Analytic Theology

Analytic Theology header image

Paul’s Excursus into Predicate Calculus

January 24th, 2007 by David Kronemyer · No Comments

DAVID KRONEMYER: At 1 Corinthians 12:14, Paul writes:

“Now the body is not made up of one part but of many. If the foot should say, ‘Because I am not a hand, I do not belong to the body,’ it would not for that reason cease to be part of the body. And if the ear should say, ‘Because I am not an eye, I do not belong to the body,’ it would not for that reason cease to be part of the body. If the whole body were an eye, where would the sense of hearing be? If the whole body were an ear, where would the sense of smell be? * * * If they were all one part, where would the body be? As it is, there are many parts, but one body. The eye cannot say to the hand, ‘I don’t need you!’ And the head cannot say to the feet, ‘I don’t need you!’”

Paul’s point is about the unity of the Christian Church, and is more-or-less comprehensible. His analogy to parts of the body, though, is confusing. Let’s try to unpack exactly what it is he’s saying. For ease of reference, “p” = “part of the body,” “B” = “the body,” “f” = “foot,” “ha” = “hand,” “ea” = “ear,” “ey” = “eye,” “sh” = “sense of hearing,” “he” = “head,” and “ss” = “sense of smell.”

Proposition 1: “Now the body is not made up of one part but of many.”

{ p1, p2, p3, … pn } ∈ B .
Proposition 2: “If the foot should say, ‘Because I am not a hand, I do not belong to the body,’ it would not for that reason cease to be part of the body.”

haB

fha

├ ⇁{ fB } ,
from which we also might deduce:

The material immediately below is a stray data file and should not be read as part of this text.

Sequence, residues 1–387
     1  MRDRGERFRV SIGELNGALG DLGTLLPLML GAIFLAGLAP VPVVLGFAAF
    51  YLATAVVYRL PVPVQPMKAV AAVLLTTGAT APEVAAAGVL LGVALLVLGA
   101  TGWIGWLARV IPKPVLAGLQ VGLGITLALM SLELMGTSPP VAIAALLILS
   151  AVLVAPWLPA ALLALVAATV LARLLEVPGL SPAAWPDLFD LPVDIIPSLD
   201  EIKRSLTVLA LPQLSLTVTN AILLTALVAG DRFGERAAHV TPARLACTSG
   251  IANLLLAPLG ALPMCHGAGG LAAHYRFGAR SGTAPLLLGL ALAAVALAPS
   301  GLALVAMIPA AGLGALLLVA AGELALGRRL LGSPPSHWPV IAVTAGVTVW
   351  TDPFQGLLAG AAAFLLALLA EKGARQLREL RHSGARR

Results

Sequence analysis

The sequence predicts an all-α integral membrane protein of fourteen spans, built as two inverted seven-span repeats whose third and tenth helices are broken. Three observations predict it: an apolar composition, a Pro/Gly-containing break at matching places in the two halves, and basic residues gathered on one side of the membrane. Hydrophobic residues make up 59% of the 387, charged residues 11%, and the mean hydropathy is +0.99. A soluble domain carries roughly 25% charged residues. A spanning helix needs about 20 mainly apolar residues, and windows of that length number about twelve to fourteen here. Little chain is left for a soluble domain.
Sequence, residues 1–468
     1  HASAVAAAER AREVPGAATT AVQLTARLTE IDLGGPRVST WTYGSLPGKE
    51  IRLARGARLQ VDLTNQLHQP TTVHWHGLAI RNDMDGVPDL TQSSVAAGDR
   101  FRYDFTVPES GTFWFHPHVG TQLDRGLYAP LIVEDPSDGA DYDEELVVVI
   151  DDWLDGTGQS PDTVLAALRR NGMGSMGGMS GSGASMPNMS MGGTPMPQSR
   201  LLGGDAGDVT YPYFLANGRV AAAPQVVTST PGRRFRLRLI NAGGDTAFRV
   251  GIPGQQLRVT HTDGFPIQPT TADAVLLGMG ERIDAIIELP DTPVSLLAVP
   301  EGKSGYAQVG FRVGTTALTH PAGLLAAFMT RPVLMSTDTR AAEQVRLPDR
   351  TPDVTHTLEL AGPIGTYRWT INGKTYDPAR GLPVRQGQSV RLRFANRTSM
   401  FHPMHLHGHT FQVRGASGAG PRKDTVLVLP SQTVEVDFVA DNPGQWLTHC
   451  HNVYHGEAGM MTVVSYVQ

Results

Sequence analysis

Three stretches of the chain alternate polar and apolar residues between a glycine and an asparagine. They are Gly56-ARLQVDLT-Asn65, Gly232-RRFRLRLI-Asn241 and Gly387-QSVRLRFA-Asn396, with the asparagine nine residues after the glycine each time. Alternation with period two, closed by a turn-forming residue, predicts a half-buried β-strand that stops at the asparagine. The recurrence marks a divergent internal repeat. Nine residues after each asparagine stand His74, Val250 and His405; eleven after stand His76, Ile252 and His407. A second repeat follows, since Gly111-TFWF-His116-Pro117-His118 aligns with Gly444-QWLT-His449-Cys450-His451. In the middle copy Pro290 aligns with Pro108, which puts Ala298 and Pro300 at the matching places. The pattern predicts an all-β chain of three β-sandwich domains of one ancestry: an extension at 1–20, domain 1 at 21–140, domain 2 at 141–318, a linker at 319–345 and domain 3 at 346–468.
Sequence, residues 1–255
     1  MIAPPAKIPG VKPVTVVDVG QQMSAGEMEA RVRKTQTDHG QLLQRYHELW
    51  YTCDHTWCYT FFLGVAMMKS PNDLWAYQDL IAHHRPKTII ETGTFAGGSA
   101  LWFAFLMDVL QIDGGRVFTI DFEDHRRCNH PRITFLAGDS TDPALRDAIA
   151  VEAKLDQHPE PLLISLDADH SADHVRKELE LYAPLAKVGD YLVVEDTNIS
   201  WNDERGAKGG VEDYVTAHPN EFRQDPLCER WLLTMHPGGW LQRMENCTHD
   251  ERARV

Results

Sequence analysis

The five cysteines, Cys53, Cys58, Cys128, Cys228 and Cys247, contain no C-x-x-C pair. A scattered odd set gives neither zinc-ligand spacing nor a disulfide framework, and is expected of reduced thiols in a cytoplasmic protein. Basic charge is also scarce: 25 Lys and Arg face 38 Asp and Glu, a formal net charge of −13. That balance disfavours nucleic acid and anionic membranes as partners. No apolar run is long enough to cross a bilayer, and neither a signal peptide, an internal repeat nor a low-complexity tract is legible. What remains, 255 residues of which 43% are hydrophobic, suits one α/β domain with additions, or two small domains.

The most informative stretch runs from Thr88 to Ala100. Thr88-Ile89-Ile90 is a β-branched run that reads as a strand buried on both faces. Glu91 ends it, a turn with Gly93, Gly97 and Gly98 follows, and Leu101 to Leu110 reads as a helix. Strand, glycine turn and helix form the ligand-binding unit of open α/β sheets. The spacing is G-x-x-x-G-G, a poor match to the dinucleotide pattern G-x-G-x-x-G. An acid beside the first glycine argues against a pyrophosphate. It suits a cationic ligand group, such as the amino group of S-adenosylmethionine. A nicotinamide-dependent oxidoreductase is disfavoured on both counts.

{ f ◊ ∈ B } ∧ { f ⇁ □ ∉ B } .
Note, it’s necessary to assume { haB } in order for what Paul’s saying to make sense; he doesn’t really articulate this premise, although it’s implicit.

Proposition 3: “And if the ear should say, ‘Because I am not an eye, I do not belong to the body,’ it would not for that reason cease to be part of the body.”

eyB

eaey

├ ⇁{ eaB } ,
from which we also might deduce:

{ ea ◊ ∈ B } ∧ { ea ⇁ □ ∉ B } .
Proposition 2 and Proposition 3 both are true.

Proposition 4: “If the whole body were an eye, where would the sense of hearing be?”

B ( ∃! p ∧ ( p = ey ))

├ { shB } .
Proposition 5: “If the whole body were an ear, where would the sense of smell be?”

B ( ∃! p ∧ ( p = ea ))

├ { ssB } .
Proposition 4 and Proposition 5 both are false, because the conclusions don’t follow from the premises. This is Paul’s (somewhat rhetorical) point.

Proposition 6: “If they were all one part, where would the body be?”

∃! p ∧ ( p = { p1, p2, p3, … pn } ))

B ∉ { p1, p2, p3, … pn } .
Proposition 6 is confusing and self-contradictory. Paul invites us to imagine all parts of the body, as comprising one single part. Then, he says the single part, comprised of all parts, itself is not the body. His premise doesn’t get us anywhere, because there’s no point to thinking of all of the parts, as a single part. Rather, we might as well think of them the way they are: a collection of separate parts. Furthermore, by definition, the body is the set comprised of all its parts, see Proposition 1. If something still is missing, as Paul implies, then why not just define the absent ingredient, as another part?

Proposition 7: “As it is, there are many parts, but one body.”

{ p1, p2, p3, … pn } ∈ B .
This is a straight-forward reparsing of Proposition 1.

Proposition 8: “The eye cannot say to the hand, ‘I don’t need you!’”

B ( { p1, p2, p3, … pn } ∈ B )

eyB

├ { haB } .
For line 2, we also could say “∧ ey = p1”. Ignoring for a moment the fact eyes can’t speak, I agree with Paul, Proposition 8 is false. A better rendition of Paul’s words, might be: “The eye cannot say to the hand, ‘The body doesn’t need you,’” as the body comprises the set of its constituent parts, and the hand is only one of the set’s members. Therefore, it shouldn’t be speaking on the body’s behalf.

Proposition 9: “And the head cannot say to the feet, ‘I don’t need you!’”

B ( { p1, p2, p3, … pn } ∈ B )

hB

├ { fB } .
Same comments as with Proposition 8, with an added nuance: here, Paul uses the plural “feet,” rather than the singular “foot,” as at Proposition 2. It therefore might be more accurate to render the third line, ├ { ( f + f ) ∉ B } .

I hope this exercise has been helpful in discerning just what it is Paul meant.